4. Purging Processed – I make 100% of the bread my family eats. Yes, 100%. I make everything I possibly can from scratch and we eat a lot more fruit, veggies and cheese. We still eat meat, just not as much. This is probably the biggest challenge. After all, it takes a lot of time to do everything homemade, and I have 3 children under 6. So, while shopping, I buy very little processed, but we definitely have a few things that will never be given up. Goldfish, pastuerized milk, occasional deli meat and a trip to Chick-Fil-A. My life is busy, so I have had to find a balance here. However, my grocery cart, when leaving the store looks vastly different than those around me. And, it doesn’t cost me more money to do this. Just more time.
Like I said, it is a work in progress and I have big goals ahead. But for now, I am happy with how far we have come.
October 28, 2010 by jennifer
Bobo: translation – Bosley
Hi-ya!: translation – Hi!
Day-doe: translation – There you go
Bee-boo: translation – Peek-a-Boo
Mumma: translation – Momma
Baaaawwwww: translation – Ball (his biggest obsession)
Baaaaaaa (think sheep with a southern accent): translation – Bye!
Day-doo: translation – Thank you
Na-Na: translation – No no
There is just something too adorable about a baby’s first words.
October 27, 2010 by jennifer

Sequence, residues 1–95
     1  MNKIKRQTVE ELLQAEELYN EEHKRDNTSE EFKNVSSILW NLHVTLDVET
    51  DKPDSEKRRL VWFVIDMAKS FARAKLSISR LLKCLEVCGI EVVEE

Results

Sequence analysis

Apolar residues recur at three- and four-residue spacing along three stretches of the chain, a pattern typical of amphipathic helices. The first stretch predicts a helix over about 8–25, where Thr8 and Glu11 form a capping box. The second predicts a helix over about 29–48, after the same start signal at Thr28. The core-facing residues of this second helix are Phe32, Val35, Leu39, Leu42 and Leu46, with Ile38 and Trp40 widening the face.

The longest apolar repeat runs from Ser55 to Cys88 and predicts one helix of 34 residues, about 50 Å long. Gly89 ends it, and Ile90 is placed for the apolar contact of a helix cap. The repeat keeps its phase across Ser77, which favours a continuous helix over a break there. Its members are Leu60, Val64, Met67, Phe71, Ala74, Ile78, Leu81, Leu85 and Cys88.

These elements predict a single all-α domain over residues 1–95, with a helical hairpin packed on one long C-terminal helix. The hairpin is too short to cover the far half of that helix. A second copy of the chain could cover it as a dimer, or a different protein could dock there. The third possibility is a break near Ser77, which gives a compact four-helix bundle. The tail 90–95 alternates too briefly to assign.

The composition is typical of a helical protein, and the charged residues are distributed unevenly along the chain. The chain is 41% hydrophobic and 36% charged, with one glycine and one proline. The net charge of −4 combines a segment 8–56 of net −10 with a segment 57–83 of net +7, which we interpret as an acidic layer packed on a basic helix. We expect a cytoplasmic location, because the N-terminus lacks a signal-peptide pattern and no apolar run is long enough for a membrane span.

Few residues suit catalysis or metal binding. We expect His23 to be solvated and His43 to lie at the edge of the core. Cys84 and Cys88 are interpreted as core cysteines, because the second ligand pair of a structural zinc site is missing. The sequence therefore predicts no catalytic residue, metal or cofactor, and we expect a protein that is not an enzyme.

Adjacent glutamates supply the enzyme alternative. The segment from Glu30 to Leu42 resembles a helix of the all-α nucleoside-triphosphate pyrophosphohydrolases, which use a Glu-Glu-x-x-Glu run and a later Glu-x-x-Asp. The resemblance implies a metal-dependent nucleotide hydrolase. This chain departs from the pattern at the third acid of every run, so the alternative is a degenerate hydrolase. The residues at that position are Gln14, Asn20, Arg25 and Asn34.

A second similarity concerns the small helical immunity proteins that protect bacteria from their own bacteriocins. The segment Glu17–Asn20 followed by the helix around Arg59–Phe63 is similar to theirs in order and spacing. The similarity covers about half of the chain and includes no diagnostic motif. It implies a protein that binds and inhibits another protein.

Sometimes I find myself feeling a little jealous of The Supermom. The woman who manages to volunteer, host playdates constantly, work, etc, etc. I think about all they must accomplish outside of their home and I feel a little jealous. It makes my dishes, laundry, and endless list of chores seem insignificant. I sometimes begin to wonder if I am making a difference at all. However, when I look closely, these women seem very stressed, their kids seem stressed sometimes and it isn’t as perfect as it all seems from a distance. I have my own set of rules that I follow to keep me in check to make sure our life doesn’t become too terribly crazy. I am not willing to host more than one dinner party/play date each week, sometimes less. I only volunteer for one role at a time and I make sure it will not suck a significant amount of my time away from my kids. I don’t have GNO more often than once or sometimes twice per month. And, I do turn down opportunities to playdate or volunteer if I feel as though it will be too much for our family. Because, while I LOVE doing things outside of my home that contribute to society, someone else without small children could easily come along and fill those roles. But, nobody can fill the role of Jeremiah’s wife and mother to our children. I want to be a great wife and mom first, then the rest is just filler. It is just nice to remind myself of that from time to time when I need a little perspective.